Jianxin Xiong (PhD. thesis, Computer Science, University of Illinois at Urbana-Champaign, 2001, Also as Technical Report UIUCDCS-R-2001-224, University of Illinois)
Automatic Optimization of DSP Algorithms

Since the advent of digital signal processing (DSP), there has been an enormous effort to obtain high-performance implementations of signal processing algorithms such as the fast Fourier transform (FFT). This effort has produced thousands of variants of fundamental algorithms and an equally large number of implementation techniques. Many of the implementations have been carefully hand-optimized. The cost of these hand optimizations and their long implementation times are a strong motivation to automate the implementation and optimization of signal processing algorithms.
In this dissertation, we present SPL, a domain specific language that represents fast signal processing algorithms as mathematical formulas, and the SPL compiler, which translates these formulas into efficient programs in high-level programming language such as FORTRAN and C. The SPL compiler was developed as part of SPIRAL, a system which utilizes formula transformations and intelligent search strategies to automatically create optimized digital signal processing libraries.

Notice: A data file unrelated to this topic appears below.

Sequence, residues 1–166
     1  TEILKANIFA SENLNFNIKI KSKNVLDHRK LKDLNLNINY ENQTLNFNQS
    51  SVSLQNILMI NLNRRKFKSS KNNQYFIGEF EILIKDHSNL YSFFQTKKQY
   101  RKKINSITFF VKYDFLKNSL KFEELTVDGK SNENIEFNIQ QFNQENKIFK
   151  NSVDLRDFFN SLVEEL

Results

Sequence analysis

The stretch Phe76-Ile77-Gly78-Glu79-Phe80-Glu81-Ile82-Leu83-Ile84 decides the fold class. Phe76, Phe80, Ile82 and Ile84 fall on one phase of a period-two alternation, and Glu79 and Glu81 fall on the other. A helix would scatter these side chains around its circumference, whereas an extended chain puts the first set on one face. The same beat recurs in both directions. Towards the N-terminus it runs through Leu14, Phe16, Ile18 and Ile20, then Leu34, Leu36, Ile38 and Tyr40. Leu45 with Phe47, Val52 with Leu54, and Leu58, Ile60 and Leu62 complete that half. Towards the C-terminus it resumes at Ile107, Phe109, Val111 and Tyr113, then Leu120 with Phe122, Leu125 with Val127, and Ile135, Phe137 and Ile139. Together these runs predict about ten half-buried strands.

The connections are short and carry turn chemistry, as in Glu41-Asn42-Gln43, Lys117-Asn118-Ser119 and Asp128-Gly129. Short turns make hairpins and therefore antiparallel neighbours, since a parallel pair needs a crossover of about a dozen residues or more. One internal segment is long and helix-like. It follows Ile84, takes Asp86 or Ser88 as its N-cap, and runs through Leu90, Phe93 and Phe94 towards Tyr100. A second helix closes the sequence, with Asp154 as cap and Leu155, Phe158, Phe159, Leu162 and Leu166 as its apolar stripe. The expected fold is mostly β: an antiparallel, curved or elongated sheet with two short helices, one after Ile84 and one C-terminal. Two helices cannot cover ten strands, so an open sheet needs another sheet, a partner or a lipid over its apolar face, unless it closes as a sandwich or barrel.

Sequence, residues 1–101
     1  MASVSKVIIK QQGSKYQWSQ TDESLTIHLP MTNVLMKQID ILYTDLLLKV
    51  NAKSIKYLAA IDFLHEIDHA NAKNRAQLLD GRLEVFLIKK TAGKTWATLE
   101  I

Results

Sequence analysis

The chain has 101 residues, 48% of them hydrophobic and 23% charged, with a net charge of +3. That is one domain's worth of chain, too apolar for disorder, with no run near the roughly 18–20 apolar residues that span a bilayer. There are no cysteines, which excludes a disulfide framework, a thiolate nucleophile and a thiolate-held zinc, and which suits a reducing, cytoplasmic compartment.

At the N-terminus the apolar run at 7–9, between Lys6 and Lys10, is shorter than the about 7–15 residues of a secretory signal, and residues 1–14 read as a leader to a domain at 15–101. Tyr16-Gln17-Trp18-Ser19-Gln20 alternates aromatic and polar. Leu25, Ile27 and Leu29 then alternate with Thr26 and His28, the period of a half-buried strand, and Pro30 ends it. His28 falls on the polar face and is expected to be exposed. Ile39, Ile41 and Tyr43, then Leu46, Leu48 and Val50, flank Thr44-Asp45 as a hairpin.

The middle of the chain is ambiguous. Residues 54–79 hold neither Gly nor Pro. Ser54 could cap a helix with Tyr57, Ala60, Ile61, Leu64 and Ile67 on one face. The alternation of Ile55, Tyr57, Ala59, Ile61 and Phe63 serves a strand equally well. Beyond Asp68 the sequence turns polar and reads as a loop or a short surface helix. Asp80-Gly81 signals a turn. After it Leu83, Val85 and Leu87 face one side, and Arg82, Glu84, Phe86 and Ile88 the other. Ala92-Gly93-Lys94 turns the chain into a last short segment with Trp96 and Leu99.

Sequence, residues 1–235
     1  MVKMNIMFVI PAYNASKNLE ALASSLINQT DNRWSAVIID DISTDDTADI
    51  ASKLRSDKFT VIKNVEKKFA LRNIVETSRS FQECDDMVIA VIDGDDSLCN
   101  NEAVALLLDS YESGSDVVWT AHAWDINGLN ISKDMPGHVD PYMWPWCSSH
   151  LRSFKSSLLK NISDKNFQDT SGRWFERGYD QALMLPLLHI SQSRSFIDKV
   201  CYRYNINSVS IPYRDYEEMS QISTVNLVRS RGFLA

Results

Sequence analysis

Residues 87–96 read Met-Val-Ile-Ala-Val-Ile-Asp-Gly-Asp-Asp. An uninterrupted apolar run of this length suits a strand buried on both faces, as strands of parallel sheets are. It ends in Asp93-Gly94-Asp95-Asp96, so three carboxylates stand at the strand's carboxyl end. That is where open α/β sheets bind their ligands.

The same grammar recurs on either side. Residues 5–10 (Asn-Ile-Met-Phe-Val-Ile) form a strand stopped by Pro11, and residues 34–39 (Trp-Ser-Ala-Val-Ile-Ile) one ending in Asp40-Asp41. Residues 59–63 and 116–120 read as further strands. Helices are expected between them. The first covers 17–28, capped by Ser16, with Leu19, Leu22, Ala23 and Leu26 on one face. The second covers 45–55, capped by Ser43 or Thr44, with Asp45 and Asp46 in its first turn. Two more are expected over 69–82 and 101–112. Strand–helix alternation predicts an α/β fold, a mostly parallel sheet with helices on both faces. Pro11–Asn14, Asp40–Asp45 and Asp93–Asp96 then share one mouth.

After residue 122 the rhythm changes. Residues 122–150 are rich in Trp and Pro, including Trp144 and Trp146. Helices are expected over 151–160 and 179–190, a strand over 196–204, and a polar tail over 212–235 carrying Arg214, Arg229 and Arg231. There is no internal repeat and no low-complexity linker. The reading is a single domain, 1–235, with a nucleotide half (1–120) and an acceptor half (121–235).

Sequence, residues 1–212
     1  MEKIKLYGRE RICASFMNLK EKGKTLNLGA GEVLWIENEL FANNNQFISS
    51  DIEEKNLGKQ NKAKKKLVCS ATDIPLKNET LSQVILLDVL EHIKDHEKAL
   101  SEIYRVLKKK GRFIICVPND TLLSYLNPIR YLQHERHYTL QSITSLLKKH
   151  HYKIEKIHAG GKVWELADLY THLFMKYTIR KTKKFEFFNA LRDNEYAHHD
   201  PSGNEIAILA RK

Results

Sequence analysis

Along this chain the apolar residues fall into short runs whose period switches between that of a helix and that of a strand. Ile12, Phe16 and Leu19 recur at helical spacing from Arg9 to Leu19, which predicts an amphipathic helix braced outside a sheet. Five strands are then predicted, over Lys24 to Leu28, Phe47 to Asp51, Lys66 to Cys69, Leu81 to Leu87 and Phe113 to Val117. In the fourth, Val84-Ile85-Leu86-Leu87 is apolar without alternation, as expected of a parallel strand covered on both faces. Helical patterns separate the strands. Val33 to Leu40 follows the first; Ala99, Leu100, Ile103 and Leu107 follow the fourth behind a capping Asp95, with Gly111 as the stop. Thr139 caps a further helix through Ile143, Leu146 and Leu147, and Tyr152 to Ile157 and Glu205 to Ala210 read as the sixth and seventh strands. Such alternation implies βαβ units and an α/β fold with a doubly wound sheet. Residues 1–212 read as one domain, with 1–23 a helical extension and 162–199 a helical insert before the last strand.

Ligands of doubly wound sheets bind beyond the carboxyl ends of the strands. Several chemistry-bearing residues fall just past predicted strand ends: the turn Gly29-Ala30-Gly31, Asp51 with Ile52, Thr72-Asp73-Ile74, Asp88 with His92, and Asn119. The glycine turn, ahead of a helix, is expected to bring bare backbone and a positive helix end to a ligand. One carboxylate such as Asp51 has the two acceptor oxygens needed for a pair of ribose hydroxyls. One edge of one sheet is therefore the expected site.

We also present Meta-SPL, a meta-language for extending the SPL language without modifying the SPL compiler. Meta-SPL provides the approach to declare new symbols that can be used as SPL keywords, as well as the mechanism to define the semantics of these new symbols.
After presenting the translation and optimization techniques utilized by the SPL compiler, empirical data is presented showing the efficiency of the resulting C/FORTRAN code. Timings are compared, using fast Fourier transform (FFT), Walsh-Hadamard transform (WHT), discrete cosine transform (DCT) and discrete sine transform (DST) as the benchmarks, to those obtained by highly optimized implementations including FFTW and the WHT package. The results of this comparison show that the SPL compiler produces code that is competitive and, in many cases, faster than the competitors.

SPL compiler: Translating math into code